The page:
Optimizing Duffin Creek’s reactors for autogenous burning has the potential to save the facility significant amounts of money. Prior to Monitored Tags with eRIS, management had no real way to proactively determine the oil (and money) reactors were burning. Though the SCADA system monitored fuel oil consumption and financial data was available monthly, any efforts to review fuel oil consumption were strictly reactive. Additionally, there was no way to see the process conditions at the time of the fuel oil addition. “Now Duffin Creek WPCP can actually identify the amount of money we spend operating outside the autogenous zone,” facility managers proudly proclaim. Proactive investigation in eRIS is already saving money.
One of Durham’s core pillars is sustainability. Day to day at the plant, however, it can be hard to keep this at the forefront of operations. By striving for an 85 percent autogenous burn rate, the Duffin Creek WPCP stands to reduce their greenhouse gas emissions tremendously. Preliminary observations indicate that if this benchmark is consistently met, the facility can reduce CO2 emissions by ten percent. Next, Duffin Creek hopes to explore the potential electricity savings of a consistent state of autogenous operations. Environmental wins both benefit the corporate bottom line and assist in contributing to Durham’s commitment to reducing greenhouse contributions.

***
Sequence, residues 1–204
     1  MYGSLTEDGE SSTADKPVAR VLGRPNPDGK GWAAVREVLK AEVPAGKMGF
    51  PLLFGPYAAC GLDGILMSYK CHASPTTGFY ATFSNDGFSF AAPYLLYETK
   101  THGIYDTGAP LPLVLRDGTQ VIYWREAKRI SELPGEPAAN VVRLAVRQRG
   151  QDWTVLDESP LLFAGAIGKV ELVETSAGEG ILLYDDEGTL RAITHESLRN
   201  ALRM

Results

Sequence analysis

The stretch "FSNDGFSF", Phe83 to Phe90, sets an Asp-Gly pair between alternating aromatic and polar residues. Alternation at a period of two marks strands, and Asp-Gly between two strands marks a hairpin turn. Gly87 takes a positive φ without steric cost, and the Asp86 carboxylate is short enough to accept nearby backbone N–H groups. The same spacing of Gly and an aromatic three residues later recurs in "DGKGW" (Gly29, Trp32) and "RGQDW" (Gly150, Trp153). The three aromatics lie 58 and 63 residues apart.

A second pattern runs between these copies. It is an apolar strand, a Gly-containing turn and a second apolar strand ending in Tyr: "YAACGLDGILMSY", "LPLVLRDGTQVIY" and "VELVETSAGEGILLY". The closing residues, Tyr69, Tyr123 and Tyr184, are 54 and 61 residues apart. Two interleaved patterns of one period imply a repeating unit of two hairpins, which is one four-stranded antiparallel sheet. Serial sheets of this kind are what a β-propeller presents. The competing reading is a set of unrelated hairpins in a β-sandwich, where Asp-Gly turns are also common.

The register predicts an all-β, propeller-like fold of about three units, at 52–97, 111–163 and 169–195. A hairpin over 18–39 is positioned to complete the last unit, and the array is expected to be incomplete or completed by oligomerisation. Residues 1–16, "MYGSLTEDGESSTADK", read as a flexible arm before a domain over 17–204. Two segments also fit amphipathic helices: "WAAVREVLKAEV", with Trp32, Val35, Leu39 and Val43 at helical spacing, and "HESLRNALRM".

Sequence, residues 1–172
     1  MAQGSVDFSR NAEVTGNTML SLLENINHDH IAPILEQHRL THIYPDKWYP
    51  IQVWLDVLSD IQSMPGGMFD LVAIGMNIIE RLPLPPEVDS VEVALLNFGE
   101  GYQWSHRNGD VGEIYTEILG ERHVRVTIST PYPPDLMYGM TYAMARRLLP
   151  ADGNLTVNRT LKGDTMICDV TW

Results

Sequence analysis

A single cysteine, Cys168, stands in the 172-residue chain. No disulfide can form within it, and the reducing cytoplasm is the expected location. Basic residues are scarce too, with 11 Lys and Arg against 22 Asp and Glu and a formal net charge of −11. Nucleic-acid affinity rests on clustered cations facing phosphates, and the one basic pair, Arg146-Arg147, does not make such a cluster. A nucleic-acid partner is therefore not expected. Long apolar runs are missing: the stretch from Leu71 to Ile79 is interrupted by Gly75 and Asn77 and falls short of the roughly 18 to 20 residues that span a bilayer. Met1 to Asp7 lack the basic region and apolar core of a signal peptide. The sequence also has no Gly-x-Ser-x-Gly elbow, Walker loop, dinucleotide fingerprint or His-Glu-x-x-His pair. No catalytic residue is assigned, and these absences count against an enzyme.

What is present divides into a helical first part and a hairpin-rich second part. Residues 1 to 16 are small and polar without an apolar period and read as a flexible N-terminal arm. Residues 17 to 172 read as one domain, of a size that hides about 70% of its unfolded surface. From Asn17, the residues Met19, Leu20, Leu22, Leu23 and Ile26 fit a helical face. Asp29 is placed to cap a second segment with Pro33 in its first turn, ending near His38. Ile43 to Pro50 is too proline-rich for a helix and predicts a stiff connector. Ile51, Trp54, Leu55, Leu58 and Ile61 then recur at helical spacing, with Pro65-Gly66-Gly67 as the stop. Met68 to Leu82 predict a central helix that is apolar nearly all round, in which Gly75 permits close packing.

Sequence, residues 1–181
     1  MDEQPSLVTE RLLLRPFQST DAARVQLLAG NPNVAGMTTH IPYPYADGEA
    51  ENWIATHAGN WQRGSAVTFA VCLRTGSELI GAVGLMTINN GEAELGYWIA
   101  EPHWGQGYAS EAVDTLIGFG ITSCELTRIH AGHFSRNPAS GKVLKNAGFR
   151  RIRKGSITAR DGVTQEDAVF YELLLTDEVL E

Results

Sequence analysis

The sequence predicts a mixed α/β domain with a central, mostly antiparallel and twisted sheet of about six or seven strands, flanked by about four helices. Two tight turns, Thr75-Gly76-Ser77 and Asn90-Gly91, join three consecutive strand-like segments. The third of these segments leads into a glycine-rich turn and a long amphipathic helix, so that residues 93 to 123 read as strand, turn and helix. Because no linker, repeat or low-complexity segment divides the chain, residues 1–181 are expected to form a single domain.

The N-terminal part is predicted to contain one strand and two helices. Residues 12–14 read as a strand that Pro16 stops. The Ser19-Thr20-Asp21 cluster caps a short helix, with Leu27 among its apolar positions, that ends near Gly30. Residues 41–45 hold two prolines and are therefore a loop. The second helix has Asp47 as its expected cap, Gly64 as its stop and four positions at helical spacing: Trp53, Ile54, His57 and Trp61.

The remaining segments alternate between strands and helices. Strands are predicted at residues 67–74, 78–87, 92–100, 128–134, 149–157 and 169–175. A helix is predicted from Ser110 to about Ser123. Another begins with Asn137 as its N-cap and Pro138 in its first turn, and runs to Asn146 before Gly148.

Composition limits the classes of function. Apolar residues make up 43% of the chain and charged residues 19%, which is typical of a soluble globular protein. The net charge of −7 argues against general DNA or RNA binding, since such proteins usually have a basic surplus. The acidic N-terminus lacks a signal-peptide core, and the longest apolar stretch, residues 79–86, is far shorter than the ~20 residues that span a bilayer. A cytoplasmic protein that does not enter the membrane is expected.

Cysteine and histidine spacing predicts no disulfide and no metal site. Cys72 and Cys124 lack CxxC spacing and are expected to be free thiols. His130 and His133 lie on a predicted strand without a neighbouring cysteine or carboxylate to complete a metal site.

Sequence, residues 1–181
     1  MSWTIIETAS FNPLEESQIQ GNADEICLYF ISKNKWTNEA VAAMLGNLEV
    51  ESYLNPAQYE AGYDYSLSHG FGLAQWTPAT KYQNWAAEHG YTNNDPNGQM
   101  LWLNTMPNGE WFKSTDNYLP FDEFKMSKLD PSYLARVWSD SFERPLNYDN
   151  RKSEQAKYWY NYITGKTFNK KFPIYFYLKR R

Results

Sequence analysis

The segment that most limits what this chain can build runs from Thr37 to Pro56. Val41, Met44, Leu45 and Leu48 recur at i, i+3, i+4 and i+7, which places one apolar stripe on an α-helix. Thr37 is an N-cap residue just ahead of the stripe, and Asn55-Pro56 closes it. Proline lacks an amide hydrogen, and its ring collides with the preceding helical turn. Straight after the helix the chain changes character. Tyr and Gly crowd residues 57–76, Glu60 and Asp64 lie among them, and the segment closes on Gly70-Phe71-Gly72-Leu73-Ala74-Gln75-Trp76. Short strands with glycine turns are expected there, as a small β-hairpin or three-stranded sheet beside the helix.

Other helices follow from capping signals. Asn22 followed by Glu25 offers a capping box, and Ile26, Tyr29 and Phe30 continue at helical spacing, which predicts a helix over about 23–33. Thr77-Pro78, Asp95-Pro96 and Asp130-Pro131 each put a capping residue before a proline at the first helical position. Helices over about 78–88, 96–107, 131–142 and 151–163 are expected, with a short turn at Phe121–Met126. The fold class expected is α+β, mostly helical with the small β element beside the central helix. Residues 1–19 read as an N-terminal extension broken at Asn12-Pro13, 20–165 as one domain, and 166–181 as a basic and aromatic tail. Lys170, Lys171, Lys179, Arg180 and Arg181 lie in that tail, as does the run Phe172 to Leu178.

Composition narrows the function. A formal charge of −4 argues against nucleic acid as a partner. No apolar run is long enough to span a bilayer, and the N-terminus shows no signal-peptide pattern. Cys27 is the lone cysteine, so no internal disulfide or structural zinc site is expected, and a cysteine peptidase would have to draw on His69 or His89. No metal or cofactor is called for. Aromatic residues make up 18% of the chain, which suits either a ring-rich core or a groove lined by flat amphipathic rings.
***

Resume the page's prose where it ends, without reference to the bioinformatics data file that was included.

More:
A victory for the team
The benefits are clear— and all of this comes from the simple monitoring of two tags in eRIS. But the financial and environmental benefits don’t even begin to capture the new team unity.
“Teams operate in unison”
By identifying a problem and solving it in e.RIS, stationary engineers and operations staff are empowered with the knowledge and skills to work together. Before e.RIS, the dewatering operation team and incineration stationary engineers had limited interaction which was predominately focused on sludge delivery (not quality). When delivery was interrupted, their only communication was a phone call. Now, these teams operate in unison. When the incineration process is being supplemented with fuel oil, both teams receive notifications in their inbox that foster increased cross team interaction. This improved communication and information sharing encourages and enables the front line staff to identify and implement corrective actions that would normally be in the supervisory realm. An individual’s ability to contribute to the ‘bottom line’ is easily visualized in e.RIS and the team is motivated to reach beyond what was possible before.